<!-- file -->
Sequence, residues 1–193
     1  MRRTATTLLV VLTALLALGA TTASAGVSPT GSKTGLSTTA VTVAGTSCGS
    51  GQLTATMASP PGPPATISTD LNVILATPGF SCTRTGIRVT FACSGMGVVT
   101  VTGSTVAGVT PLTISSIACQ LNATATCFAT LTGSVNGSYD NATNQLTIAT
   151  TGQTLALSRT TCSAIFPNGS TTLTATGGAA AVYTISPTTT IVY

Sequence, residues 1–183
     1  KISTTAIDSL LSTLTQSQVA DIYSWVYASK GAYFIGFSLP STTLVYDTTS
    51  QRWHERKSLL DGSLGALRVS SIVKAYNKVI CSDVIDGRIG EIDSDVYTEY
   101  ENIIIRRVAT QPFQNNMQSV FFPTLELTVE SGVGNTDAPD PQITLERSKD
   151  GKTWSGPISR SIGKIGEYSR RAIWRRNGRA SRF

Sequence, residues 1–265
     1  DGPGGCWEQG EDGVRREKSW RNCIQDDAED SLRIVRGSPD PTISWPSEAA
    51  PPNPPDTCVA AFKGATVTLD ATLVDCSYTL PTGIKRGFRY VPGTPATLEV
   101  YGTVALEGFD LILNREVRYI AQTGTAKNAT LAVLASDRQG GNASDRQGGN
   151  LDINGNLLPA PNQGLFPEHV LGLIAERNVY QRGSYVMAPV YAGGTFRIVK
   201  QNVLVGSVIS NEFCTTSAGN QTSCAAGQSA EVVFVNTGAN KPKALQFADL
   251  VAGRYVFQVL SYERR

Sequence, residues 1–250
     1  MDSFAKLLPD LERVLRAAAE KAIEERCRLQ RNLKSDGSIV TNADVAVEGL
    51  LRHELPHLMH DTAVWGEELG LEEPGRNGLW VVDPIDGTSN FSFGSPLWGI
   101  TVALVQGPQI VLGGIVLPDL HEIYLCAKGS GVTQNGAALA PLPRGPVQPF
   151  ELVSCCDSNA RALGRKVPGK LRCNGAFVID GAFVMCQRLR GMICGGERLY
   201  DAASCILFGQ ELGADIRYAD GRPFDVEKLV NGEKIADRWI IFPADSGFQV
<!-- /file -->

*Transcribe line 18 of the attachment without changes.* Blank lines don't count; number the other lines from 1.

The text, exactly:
Sequence, residues 1–250